The event, hosted by the American University, gathered people who were touched by Billington’s love and passion for the Russian history and culture and inspired by his book.
The symposium participants included former US Ambassador to Russia John Beyrle, Professor of Slavic Studies at Tulane University William Brumfield, Director of Wilson Center’s Kennan Institute Matthew Rojansky, and Professor of International History at London School of Economics Vladislav Zubok.
Ambassador Beyrle remembered reading the book first as a student in the 70s, and then re-reading it some 35 years later in the capacity of US ambassador to Russia.
“I found its insights every bit as valid and penetrating in helping to explain the motivations of 21st century Russia,” he said. “By any measure, James Billington’s masterpiece must be considered timeless.”
Professor Brumfield stressed that The Icon and the Axe is distinguished by its “extraordinary, global vision.”
“Like so many other students of Russian culture, I read The Icon and the Axe with a sense of wonder, but also felt stimulated to pursue my own vision,” he explained.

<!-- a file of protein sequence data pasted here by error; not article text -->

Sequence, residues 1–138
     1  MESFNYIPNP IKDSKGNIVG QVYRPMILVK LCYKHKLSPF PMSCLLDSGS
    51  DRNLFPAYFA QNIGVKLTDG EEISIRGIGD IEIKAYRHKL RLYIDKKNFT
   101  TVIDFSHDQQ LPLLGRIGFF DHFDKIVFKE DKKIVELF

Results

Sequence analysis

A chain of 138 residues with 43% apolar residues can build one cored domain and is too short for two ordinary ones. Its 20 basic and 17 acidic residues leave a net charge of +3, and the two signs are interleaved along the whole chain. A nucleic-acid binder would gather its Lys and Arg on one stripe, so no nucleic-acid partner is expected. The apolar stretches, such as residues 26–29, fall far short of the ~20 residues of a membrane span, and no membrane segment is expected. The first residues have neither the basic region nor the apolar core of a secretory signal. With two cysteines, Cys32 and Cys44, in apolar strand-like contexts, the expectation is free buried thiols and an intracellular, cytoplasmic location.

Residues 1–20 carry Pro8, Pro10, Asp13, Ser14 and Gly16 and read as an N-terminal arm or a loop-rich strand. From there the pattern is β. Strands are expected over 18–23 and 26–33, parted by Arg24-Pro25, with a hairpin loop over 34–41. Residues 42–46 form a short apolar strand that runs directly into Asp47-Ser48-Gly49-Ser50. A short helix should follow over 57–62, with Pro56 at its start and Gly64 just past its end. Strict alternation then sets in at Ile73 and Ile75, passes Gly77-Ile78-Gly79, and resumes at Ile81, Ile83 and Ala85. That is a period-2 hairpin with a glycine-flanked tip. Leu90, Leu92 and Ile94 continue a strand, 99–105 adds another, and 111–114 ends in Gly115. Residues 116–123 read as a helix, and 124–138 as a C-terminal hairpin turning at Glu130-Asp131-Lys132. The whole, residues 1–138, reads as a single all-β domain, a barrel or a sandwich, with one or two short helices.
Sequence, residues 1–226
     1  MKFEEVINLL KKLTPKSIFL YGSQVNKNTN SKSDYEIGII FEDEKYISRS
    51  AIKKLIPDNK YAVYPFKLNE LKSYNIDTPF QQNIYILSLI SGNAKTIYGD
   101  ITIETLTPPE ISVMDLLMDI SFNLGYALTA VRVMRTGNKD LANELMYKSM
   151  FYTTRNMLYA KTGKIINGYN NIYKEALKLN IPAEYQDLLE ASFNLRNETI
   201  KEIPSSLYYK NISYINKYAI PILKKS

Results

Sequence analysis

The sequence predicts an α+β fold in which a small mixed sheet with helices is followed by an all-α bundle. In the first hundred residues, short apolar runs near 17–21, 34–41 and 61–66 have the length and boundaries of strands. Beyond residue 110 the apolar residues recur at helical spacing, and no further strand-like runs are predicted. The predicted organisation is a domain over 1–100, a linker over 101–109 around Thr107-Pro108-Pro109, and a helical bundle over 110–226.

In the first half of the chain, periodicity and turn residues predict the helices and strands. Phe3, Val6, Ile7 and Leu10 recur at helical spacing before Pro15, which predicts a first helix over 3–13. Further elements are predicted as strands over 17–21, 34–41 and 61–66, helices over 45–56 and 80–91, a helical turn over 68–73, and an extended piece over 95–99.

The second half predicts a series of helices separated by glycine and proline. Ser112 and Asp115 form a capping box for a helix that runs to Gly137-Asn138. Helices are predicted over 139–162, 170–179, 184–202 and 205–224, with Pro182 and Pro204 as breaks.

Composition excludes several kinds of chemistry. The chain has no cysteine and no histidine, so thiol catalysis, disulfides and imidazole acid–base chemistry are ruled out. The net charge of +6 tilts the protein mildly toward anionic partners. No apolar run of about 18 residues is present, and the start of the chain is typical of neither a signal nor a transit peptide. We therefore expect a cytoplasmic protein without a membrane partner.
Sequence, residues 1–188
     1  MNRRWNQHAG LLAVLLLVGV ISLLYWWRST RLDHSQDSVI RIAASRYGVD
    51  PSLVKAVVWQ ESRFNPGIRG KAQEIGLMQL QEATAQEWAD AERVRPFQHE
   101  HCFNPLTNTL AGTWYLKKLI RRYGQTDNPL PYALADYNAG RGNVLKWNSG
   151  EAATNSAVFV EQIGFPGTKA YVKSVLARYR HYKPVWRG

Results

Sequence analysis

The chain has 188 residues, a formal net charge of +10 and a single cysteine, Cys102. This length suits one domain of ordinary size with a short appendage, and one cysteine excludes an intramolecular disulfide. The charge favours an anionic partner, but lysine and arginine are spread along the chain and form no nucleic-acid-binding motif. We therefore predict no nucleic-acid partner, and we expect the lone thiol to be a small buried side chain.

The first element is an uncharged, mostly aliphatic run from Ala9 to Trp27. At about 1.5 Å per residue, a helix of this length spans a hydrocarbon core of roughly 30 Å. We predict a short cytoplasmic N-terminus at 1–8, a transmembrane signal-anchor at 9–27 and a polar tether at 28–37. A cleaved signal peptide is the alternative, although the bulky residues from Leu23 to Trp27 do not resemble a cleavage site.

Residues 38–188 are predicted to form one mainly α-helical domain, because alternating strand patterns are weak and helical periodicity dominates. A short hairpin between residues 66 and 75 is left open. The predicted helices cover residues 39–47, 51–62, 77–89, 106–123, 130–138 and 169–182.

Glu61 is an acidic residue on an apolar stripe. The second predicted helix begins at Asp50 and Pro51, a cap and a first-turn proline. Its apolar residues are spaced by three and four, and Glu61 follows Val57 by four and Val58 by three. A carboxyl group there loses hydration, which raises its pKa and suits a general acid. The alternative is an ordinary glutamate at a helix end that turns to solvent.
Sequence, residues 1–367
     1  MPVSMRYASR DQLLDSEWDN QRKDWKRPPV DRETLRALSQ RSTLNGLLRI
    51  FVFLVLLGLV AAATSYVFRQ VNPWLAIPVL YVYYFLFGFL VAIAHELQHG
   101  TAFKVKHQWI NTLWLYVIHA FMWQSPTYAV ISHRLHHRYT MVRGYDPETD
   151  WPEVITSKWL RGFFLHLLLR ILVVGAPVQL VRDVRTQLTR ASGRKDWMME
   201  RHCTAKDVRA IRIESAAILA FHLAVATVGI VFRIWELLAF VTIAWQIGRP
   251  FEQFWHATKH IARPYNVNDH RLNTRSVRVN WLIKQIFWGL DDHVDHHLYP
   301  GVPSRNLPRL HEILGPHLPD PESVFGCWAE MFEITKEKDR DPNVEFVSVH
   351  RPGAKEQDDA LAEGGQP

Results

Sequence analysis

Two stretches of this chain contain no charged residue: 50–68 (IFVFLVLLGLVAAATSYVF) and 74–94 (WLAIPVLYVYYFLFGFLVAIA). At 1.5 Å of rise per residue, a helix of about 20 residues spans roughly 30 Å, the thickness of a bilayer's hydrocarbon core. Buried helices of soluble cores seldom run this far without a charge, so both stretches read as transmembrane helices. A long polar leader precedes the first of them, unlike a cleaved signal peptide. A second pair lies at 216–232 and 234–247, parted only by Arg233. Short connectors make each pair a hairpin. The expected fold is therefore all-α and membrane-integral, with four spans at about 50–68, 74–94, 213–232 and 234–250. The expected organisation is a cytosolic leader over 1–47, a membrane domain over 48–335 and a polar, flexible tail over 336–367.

When Billington, who is now 87, took to the stage, the audience could not stop applauding the man whose work touched so many lives.
The Librarian of Congress Emeritus thanked everyone for coming and took a number of questions, which varied from his personal inspirations to his experiences in Russia to just words of gratitude and admiration.
“I think that Russian people would like to see America-Russia not only getting along but rediscover themselves as people rather than factors in equation,” he stated when asked about the future of the US-Russia relations.
The Carmel Institute was established within American University’s College of Arts and Sciences by philanthropist and businesswoman Susan Carmel.